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In utero adversity and later life behavioural disorders: the role of Cdkn1c

McNamara, Gráinne 2014. In utero adversity and later life behavioural disorders: the role of Cdkn1c. PhD Thesis, Cardiff University.
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Genes that are imprinted are subject to a developmentally determined epigenetic marking, which restricts expression to a single allele, dependant on the parent of origin. Selection of imprinted genes for monoallelic expression indicates their function is highly dosage sensitive. Altered dosage of imprinted genes has been linked to a number of neurological conditions, including psychosis. Cdkn1c is an example of an imprinted gene whose expression is sensitive to the in utero environment. Considerable development of the nervous system takes place in utero and suboptimal pregnancies have been linked to the occurrence of psychiatric and other behavioural disorders in adults. One mechanism through which the maternal environment may impact foetal development is by altering the epigenetic regulation of vulnerable genes. A prenatal low protein or high fat diet resulted in alterations in a subset of imprinted gene in the brains of the offspring at E18.5. This was accompanied by sexually dimorphic changes in the dopaminergic system. Previously published findings reporting sensitivity of Cdkn1c to a prenatal low protein diet were replicated with a 1.8 fold increase in neural Cdkn1c expression observed. This was shown to be due to a change in the parental contribution to expression levels of this gene. Modelling the specific alteration of an increase in Cdkn1c genetically (Cdkn1cBACx1 line) revealed anhedonia, but with an increased motivational drive, towards a palatable solution, with corresponding changes in the reward system responsivity and chemistry in the adult brain. Additionally presence of a Cdkn1cBACx1 animal in a group destabilised the social hierarchy, negatively effecting fitness of all group members. An adverse inutero environment increases Cdkn1c levels to those reminiscent of the genetic ‘loss of imprinting’ model. Such alteration in expression of Cdkn1c has significant consequences for adult neurochemistry, reward processing and the social environment and fitness of the group. This work suggests a potentially crucial role, of at least Cdkn1c, and perhaps imprinted genes more generally, in mediating the negative consequences of an adverse in utero environment.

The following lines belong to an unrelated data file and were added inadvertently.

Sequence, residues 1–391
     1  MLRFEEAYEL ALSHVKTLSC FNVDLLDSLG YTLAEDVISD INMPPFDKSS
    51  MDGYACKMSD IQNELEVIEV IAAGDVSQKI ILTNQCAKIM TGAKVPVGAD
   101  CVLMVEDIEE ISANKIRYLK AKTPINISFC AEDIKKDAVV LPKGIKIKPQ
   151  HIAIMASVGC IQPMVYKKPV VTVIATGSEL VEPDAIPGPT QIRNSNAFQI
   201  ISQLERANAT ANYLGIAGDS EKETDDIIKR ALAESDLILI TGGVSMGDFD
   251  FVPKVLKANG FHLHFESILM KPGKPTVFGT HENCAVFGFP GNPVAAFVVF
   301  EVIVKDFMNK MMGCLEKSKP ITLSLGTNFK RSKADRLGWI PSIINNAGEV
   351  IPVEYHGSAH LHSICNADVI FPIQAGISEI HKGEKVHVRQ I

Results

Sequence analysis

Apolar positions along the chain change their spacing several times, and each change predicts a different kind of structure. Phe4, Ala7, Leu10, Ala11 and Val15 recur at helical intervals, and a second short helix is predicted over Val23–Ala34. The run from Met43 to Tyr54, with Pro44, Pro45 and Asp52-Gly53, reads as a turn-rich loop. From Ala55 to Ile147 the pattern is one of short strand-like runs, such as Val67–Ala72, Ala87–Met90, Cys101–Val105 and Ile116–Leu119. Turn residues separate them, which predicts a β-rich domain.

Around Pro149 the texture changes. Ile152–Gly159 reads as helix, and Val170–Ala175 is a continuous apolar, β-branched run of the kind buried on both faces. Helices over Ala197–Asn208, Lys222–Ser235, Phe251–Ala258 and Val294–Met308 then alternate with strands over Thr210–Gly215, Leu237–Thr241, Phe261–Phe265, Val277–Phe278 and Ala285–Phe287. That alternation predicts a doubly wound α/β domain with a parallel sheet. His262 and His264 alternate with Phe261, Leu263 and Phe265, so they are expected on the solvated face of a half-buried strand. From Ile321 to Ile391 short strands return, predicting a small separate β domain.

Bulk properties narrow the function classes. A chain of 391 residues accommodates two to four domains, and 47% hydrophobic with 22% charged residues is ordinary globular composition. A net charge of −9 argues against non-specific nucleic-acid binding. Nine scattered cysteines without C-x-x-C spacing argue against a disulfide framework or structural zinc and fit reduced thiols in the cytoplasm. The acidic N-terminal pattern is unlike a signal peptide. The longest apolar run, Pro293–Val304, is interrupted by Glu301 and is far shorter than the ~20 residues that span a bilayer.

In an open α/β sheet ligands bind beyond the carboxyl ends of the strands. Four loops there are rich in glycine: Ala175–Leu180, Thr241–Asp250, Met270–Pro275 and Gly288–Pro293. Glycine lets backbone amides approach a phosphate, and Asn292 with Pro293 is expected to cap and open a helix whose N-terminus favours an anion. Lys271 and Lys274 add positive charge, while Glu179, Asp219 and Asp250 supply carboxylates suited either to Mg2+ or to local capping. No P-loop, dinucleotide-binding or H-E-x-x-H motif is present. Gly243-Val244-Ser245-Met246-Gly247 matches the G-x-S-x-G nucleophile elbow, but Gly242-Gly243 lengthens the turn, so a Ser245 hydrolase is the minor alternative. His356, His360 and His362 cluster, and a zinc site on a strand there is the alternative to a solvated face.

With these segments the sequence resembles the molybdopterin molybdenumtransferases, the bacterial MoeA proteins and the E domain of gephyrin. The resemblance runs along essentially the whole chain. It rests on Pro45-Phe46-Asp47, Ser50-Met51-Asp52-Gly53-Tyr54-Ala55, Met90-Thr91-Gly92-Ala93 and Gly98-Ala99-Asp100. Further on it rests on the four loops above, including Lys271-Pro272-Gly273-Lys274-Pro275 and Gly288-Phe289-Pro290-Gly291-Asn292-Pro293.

Item Type: Thesis (PhD)
Status: Unpublished
Schools: Medicine
MRC Centre for Neuropsychiatric Genetics and Genomics (CNGG)
Subjects: R Medicine > RG Gynecology and obstetrics
Funders: Wellcome Trust
Date of First Compliant Deposit: 30 March 2016
Last Modified: 19 Mar 2016 23:52

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